FIG. 3 illustrates exemplary settings of the potentiometer 70 for setting the TO period, as well as selecting the bypass on or off mode. The setting positions can be compared to the face of a dock. In the illustrated example, the 30 second TO period setting is any position between approximately the 7:00 and 9:00 clock positions. The 5 minute TO period setting is at approximately the 10:30 clock position. The 10 minute TO period setting is at approximately the 12:00 clock position. The 15 minute TO period setting is at approximately the 1:30 clock position. The 20 minute TO period setting is at approximately the 3:00 clock position. The 30 minute TO period setting is at approximately the 3:30 clock position. The bypass on mode and the bypass off mode positions are at approximately the 4:00 and 5:00 clock positions, respectively.
The bypass on/off mode control circuit 64 will now be described. When the potentiometer 70 is turned entirely clock wise, the outputs of comparators 86 and 88 are both low in accordance with the bypass off mode. The output of the comparator 88 is connected to the set input of the flip flop 60. Since the D-type flip flop has an active low jam-type set input, the output to the relay 52 is prevented. Thus, the lighting fixture is powered down.
When the potentiometer 70 is turned slightly counter clock wise to the bypass on mode position, the output of the comparator 88 changes to a high output by virtue of a connection of one input to the node between the voltage divider resistors R28 and R19. Accordingly, the output of the flip flop 60 is controlled depending on the signal on the control line SIG. In the bypass on mode, the relay 52 is operated to maintain the lighting fixture in the powered on state. Since the output of the comparator 86 remains low, the output level on the control line SIG is maintained low. Thus, the output of the flip flop 60 is low, which allows an FET Q1 to be biased and have a high output. The transistor Q2 is therefore biased to allow the relay K1 to be energized. Other relay control circuits can be used in lieu of the relay control circuit 62 in the illustrated embodiment such as a transistor circuit as disclosed in the aforementioned copending application of Nishihira et al. for "Apparatus and Method for Providing Bypass Functions For A Motion Sensor Switch."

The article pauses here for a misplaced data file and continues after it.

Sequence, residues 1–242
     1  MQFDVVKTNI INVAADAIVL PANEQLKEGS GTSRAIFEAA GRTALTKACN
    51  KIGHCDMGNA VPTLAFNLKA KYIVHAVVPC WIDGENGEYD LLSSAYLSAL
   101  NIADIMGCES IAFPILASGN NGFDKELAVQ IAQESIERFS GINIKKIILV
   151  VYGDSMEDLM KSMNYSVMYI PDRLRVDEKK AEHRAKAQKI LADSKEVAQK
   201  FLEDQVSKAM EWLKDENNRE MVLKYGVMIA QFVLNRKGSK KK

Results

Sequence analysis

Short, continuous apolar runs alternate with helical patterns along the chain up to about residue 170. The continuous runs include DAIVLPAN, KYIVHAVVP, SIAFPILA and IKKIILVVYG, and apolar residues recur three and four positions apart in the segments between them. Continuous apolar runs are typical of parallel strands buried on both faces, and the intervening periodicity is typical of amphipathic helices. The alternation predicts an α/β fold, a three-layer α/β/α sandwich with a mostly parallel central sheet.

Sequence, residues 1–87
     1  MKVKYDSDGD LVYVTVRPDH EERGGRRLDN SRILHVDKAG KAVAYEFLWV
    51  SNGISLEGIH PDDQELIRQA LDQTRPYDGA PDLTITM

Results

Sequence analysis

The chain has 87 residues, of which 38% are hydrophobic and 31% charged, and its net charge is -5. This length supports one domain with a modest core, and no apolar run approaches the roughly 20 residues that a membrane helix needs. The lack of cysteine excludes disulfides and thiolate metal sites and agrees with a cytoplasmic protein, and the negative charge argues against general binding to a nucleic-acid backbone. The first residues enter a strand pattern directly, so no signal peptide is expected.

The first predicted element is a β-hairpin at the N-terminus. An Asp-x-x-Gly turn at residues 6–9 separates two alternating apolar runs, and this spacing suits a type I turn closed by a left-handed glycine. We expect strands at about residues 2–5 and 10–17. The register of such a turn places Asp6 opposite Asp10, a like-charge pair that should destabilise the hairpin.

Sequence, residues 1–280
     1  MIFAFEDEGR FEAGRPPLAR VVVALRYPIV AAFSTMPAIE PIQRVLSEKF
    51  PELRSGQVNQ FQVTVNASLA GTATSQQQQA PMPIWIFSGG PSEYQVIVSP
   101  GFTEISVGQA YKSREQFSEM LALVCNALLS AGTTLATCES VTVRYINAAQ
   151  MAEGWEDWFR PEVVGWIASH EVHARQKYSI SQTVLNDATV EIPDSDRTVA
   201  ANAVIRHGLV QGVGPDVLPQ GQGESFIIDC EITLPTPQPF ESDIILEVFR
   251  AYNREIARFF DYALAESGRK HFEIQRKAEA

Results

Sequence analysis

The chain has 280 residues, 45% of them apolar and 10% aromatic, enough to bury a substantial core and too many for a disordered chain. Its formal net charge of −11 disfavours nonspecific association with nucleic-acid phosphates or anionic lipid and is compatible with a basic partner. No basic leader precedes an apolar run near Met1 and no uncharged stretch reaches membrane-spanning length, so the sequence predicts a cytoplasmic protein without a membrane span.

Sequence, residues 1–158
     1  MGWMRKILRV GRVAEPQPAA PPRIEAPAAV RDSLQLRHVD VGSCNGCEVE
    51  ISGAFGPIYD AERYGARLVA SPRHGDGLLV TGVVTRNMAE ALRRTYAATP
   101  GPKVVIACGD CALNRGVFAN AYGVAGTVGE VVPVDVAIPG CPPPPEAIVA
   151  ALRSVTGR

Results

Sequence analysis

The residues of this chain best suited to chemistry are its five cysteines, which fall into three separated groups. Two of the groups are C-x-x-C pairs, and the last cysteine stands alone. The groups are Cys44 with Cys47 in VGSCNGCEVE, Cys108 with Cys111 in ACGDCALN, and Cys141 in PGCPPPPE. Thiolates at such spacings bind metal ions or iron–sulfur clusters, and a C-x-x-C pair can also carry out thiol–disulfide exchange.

Thus, the ROS 50 is configured to operate in a bypass off mode or a bypass on mode. The bypass off mode is advantageous when, for example, a user is adjusting the potentiometer 68 to set a desired ambient light level threshold. The user would not want the lighting fixture to be switched on due to detected motion, for example, while adjusting the potentiometer 68. The bypass on mode is advantageous, for example, during an emergency when it is useful for lighting fixtures to remain powered on and to not be automatically powered down after a particular time out period.
When the potentiometer 70 is adjusted further clock wise from the bypass on mode position, the outputs of both comparators 86 and 88 become high outputs. When the outputs of the comparators are both high, the diodes 80 and 82 are nonconductive. Thus the level of the signal SIG provided to the input of the flip flop 60 is determined as per the programming of the microprocessor 58 in determining whether or not the relay 52 will be energized.